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The big day had arrived ... site preparation begins.  We had visited the site, laid out the house in the grass, and discussed the project with Steve Johnson.  Steve handles heavy equipment like sculptor chisels marble.

First thing was to scrape the vegetation off the building site so we could see what we were doing among the weeds.  Steve make certain that he preserved what little top soil there was on our site.  This will be used later when we contour the site for landscaping.

We did a soil test to determine the organic content of the soil, the ph and nutrient content, including micro nutrients.  Our site had acceptable organic matter  and was very high in iron. However, the soils are very sandy and thus the water holding potential is low.  Soil ph was 5.4 on the top and 5.7 in the swale. Thus, later in our process, we plan to bring in humus to amendments the soil increase its water holding capacity and use lime to improve the ph closer to neutral.  On balance the top soils tested very low for a number of micronutrients.  Good humus can compensate for these short comings.

After we scrapped the site, we laid out the site again and began to cut down into the property to create a level building site.  Additional fill material had to be brought in to complete the site preparation.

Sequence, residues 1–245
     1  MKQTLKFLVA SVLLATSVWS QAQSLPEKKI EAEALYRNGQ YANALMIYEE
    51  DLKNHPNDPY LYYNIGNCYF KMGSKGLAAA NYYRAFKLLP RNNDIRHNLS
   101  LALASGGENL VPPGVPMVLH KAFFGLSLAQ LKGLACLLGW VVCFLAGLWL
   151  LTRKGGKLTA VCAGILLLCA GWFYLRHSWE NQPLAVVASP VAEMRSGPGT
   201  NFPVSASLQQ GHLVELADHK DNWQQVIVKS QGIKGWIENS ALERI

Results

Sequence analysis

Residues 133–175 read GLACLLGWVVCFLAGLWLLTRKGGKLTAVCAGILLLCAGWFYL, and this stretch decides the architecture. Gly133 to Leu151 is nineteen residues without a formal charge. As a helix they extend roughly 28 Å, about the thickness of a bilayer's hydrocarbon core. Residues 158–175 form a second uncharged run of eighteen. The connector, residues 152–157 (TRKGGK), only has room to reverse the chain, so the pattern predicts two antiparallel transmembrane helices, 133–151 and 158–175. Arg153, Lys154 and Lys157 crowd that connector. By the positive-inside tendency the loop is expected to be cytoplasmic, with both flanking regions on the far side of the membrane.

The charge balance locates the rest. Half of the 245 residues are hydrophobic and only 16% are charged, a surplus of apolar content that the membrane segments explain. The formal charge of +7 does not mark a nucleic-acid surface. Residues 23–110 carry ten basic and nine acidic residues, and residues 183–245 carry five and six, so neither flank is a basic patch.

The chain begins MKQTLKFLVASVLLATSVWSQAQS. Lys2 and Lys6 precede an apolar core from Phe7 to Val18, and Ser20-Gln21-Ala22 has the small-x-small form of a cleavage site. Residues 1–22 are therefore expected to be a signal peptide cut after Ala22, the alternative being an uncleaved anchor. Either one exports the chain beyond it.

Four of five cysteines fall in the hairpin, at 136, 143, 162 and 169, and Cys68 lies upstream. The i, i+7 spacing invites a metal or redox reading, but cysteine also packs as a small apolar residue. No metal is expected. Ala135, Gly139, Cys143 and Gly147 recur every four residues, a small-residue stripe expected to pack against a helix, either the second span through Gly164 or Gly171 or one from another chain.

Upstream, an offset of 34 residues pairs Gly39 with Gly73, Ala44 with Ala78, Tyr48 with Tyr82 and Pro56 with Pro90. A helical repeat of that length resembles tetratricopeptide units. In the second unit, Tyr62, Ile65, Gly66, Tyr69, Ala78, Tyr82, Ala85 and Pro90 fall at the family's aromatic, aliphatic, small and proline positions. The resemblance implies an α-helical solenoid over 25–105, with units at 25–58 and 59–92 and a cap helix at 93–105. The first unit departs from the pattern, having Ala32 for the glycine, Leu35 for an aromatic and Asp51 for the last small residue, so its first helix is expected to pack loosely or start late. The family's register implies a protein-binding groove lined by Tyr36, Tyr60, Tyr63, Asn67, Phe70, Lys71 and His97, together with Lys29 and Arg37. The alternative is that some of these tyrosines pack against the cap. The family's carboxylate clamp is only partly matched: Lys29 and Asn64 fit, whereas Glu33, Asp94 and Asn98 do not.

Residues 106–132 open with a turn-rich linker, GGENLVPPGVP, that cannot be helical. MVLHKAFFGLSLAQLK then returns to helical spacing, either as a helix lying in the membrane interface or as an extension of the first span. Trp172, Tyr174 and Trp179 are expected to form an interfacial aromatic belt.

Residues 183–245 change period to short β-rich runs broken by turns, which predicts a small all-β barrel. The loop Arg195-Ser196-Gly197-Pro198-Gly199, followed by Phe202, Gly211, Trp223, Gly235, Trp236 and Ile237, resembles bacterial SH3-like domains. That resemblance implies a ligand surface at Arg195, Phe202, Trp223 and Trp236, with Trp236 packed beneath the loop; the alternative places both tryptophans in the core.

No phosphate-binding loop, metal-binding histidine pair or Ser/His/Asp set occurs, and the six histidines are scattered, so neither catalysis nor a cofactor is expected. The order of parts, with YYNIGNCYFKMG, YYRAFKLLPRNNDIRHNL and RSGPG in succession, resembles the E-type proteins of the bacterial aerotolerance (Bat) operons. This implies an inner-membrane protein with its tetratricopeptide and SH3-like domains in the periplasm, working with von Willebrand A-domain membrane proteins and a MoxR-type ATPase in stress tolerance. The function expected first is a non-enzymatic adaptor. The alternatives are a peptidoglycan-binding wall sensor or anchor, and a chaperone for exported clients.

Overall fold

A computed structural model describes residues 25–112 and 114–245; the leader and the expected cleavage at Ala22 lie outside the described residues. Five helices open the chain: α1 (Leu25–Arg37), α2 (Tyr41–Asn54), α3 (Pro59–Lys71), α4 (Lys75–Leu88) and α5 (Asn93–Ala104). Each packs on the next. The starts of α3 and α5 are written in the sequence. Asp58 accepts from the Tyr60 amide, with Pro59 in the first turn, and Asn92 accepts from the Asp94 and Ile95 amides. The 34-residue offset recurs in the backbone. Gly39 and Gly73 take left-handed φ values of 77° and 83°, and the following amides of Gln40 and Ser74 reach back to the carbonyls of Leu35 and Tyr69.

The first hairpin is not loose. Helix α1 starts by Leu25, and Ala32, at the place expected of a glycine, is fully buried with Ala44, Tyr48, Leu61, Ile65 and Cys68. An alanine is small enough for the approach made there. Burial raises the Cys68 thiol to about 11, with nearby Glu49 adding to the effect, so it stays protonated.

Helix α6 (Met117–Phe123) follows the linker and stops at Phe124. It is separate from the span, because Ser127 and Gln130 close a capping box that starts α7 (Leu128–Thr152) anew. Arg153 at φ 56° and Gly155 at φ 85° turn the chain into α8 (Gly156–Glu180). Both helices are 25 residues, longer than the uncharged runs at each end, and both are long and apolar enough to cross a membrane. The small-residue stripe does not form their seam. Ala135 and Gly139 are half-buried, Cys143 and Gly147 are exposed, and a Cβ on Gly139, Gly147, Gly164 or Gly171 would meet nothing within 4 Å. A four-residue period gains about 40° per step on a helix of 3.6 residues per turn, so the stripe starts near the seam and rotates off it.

Ideally, more of the site should have been left for natural vegetation.  However, given the landscape plan and the soil type, we opted to forgo BuiltGreen and LEED points on this item.  While not the perfect site for a house, we have a great view and designed the house to follow the contour as best we could.

As fill material was brought in and compacted, a soils specialist monitored the process.  Thurston County is in an earthquake prone area, so good soil compaction was a key requirement of the local building code.

Ours is a slab on grade construction one story home, so footings can be shallow. After the perfectly leveled site was prepared, Steve Johnson began to dig the footings along the lines we defined again.  I believe that this was the 3rd or 4th time we laid out the house on the property.

Using a laser beam leveling tool to check, the trench for the footings were cut into the compacted site.  Amazing to me how a good operator can dig a trench within 1 inch of level with a big back-hoe. 

One final item ... erosion control.  It rarely rains hard in the summer months in the Pacific Northwest.  However, in the event that it did, Barrett made certain there was a silt fence to keep our top soil from eroding down the hill to our east into a mountain stream.  This is simply common sense.


We welcome your comments on this site.
You can email Christine Garst at
cbgarst@aol.com
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